Review of Eating Animals by Jonathan Safran Foer Chapter Three: “Words/Meaning”

This is the third in a series of weekly posts dedicated to our book club selections. Tune in every Tuesday to discuss the pressing issues raised by these authoritative and popular authors. Whether you have the time to read along with me or not, I'd love to hear your thoughts. Pick up your copy of "Eating Animals", or catch up with the second chapter.

As I’ve read further into Jonathan Safran Foer’s book, I’ve become more aware of the way we use language when talking about animals. This afternoon, I called a man who raises grass fed beef. I wanted to learn more about the industry from the farmer’s perspective.

“Do you slaughter them yourselves?” I asked.

He answered politely, “We send them to a local facility to be processed.”

Cheese is processed. Data is processed. Cows are not processed. They are slaughtered. Often, we use words to remember. Just as often, if we’re not careful, we use them to forget.

As a novelist, Foer is keenly aware of the power of words. Most books about vegetarianism are written by activists, doctors, lawyers and scientists: practical people, who take words at face value. Safran Foer, however, tugs at words, pulls them apart, attempting to unmask their hidden meanings.

Acronyms are the most notorious examples of hiding in plain sight. CAFO means Concentrated Animal Feeding Operation, a.k.a. factory farm. CFE means Common Farming Exemption, a regulation on the books in most states which “makes legal any method of raising farmed animals so long as it is commonly practiced within the industry” i.e. any practice, no matter how abusive, is legal as long as everyone does it. These exemptions override state laws about animal cruelty for no purpose other than the profit of agribusiness corporations, and constitute one of the many irrational double standards that Foer documents throughout the book.

There are other words too, more familiar to us, which we don’t question because we think we know what they mean. For example, Foer considers “sentimentality.” He notes that vegetarians are often accused of sentimentality, which he defines as “the valuing of emotions over reality” (indeed, he has since been accused of sentimentality in reviews of this book). He questions whether caring for the well being of an animal is based on emotion or reality, and gives the following example:

“Two friends are ordering lunch. One says, ‘I’m in the mood for a burger,’ and orders it. The other says, ‘I’m in the mood for a burger,” but remembers that there are things more important to him than what he is in the mood for at any given moment, and orders something else. Who is the sentimentalist?”

What does it mean to be “in the mood for a burger?” All of us have attachments to different tastes, smells and textures. These sensations evoke emotions in us, feelings of pleasure, security, newness, and discovery. Throughout the book, Foer makes it clear that food is not just food. Food is a story, it’s a shared experience, it evokes memories and it is often at the center of our resolutions. But instead of simply chronicling the stories we tell about food and with food, he asks us to question them. Being in the mood for a burger isn’t, in itself, justification for eating one. A person who neglects to use his intelligence when deciding what to put in his mouth is actually the one guilty of sentimentality. In other word, he values the emotions that a certain food evokes in him without considering the reality of where that food comes from and what the effects of eating it will be on his body, his mind, other living beings and the environment.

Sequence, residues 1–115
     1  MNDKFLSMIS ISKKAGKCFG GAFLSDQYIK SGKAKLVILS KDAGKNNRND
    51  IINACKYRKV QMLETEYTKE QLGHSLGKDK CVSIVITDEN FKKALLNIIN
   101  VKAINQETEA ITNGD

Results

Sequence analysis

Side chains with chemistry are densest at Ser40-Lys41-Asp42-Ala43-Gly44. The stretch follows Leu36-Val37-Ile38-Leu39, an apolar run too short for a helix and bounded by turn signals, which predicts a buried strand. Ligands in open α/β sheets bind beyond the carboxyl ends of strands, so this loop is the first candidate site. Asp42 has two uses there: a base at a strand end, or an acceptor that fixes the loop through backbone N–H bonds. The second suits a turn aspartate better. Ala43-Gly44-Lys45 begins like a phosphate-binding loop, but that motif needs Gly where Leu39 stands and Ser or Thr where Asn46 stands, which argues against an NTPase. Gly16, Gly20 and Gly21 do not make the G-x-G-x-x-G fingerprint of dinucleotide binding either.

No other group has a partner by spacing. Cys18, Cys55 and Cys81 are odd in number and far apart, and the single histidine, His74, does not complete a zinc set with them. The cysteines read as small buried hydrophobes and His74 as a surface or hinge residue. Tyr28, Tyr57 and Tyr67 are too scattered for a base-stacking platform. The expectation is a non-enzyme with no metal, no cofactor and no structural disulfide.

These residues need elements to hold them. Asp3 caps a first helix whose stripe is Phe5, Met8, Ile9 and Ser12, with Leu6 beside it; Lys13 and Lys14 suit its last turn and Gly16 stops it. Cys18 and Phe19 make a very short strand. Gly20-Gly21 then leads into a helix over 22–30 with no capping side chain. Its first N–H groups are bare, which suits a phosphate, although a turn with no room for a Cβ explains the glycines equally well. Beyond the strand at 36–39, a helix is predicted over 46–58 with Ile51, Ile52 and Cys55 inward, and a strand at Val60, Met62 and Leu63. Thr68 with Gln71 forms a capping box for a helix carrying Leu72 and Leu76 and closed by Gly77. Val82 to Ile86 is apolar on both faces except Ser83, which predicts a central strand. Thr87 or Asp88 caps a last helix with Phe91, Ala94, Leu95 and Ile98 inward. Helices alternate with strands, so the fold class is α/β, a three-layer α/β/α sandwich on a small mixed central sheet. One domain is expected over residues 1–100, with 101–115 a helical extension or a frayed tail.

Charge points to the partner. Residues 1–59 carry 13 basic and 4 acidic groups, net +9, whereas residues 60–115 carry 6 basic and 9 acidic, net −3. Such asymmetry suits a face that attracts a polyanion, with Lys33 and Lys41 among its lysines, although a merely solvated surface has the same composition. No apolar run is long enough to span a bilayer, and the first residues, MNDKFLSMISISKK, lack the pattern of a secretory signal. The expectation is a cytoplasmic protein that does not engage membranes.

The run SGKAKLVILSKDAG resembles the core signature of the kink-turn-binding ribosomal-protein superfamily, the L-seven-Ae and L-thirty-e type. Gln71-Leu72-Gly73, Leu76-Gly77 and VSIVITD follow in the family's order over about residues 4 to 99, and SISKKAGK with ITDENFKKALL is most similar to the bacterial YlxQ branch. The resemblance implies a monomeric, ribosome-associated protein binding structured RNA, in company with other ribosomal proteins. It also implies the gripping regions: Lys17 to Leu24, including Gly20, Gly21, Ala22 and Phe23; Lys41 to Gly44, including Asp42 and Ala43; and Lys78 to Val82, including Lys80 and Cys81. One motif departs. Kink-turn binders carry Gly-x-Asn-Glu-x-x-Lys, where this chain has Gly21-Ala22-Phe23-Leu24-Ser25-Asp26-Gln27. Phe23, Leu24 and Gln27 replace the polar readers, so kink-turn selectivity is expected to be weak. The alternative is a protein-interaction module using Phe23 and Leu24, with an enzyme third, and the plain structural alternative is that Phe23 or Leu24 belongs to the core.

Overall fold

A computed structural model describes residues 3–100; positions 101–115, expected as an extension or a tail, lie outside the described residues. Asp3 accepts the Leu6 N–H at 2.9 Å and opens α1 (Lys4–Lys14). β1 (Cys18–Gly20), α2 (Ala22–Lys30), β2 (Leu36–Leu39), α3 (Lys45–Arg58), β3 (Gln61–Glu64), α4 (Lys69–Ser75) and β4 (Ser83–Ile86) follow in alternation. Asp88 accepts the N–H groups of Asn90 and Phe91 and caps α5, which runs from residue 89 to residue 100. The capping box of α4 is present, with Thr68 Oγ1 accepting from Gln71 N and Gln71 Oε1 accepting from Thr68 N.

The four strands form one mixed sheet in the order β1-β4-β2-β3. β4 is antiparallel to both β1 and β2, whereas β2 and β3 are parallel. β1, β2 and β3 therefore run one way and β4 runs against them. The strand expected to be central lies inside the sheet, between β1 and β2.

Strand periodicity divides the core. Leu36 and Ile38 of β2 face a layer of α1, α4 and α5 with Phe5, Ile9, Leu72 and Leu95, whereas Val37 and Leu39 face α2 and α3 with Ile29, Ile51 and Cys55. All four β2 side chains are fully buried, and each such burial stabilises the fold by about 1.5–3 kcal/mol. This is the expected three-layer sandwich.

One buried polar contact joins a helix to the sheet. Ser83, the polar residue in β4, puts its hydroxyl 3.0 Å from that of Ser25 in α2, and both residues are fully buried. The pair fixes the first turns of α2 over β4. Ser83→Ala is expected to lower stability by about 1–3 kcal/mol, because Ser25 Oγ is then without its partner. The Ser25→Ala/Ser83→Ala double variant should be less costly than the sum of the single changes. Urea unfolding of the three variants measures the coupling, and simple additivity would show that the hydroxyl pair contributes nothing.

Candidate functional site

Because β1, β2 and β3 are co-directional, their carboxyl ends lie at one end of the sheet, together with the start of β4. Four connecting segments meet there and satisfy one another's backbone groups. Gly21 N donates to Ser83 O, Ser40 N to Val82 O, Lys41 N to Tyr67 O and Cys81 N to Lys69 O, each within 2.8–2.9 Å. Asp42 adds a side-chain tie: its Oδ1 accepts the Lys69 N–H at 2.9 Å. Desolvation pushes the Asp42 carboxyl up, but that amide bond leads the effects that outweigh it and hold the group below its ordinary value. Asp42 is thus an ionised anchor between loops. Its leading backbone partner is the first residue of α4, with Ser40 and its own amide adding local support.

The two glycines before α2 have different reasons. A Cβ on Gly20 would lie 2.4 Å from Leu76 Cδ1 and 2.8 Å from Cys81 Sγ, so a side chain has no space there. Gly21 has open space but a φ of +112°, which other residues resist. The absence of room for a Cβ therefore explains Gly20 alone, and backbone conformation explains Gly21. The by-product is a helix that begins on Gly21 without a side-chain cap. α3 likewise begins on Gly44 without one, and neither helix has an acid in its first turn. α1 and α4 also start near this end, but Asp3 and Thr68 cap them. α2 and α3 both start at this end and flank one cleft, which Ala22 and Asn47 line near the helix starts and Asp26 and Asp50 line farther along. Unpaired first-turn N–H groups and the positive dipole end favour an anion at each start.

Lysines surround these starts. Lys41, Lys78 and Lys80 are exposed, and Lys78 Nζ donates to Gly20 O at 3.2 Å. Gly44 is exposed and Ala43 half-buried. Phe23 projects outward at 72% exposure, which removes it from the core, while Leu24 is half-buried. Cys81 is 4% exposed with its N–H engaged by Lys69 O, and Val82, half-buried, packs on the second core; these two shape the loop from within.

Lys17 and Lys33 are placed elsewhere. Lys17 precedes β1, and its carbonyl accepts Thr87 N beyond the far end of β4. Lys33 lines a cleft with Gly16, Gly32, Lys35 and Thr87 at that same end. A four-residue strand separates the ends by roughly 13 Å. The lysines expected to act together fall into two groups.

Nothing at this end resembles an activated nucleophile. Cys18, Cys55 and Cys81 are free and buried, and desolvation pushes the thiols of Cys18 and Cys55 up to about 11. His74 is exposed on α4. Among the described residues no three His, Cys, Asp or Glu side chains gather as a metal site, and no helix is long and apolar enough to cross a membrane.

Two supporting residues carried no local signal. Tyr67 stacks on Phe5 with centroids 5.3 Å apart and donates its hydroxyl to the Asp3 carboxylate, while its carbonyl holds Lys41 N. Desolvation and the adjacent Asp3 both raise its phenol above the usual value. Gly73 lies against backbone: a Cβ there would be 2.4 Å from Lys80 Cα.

It’s also important to understand that becoming a vegetarian is not simply a question of denying something pleasurable. Gradually, as a person loses the taste for blood, he begins to experience not just an enhanced sense of taste and discernment of flavor, but also a positive satisfaction and joy from his newly amicable relationship with animals. As Franz Kafka put it, watching fish in the Berlin Aquarium, “Now at last I can look at you in peace. I don’t eat you any more.”

The pleasure of sympathy and compassion is experienced on a level deeper than the tongue, and carries a weight that a fleeting physical sensation never can. A person who makes a commitment to consider those “things that are more important to him than what he is in the mood for at any given moment” enters a new world, with new standards of pleasure and pain. The question is, how can he make this other world comprehensible to someone who has never experienced it?

The answer is not complicated. It can be as simple as sharing a meal. Most people, sitting down to a delicious plate of saffron rice, roasted sweet potatoes and fresh cucumber salad, feel a shift in their consciousness. Some part of their mind heaves a deep sigh of relief that this time, at least, their meal will involve no moral compromise or justification, no ethical wrangling or visceral confrontation with tendons, muscle and blood. Words can be used to enlighten or to obscure, but at the end of the day, when we sit down to eat with family and friends, no words can substitute for the deep-seated satisfaction of sharing a meal saturated in love rather than pain.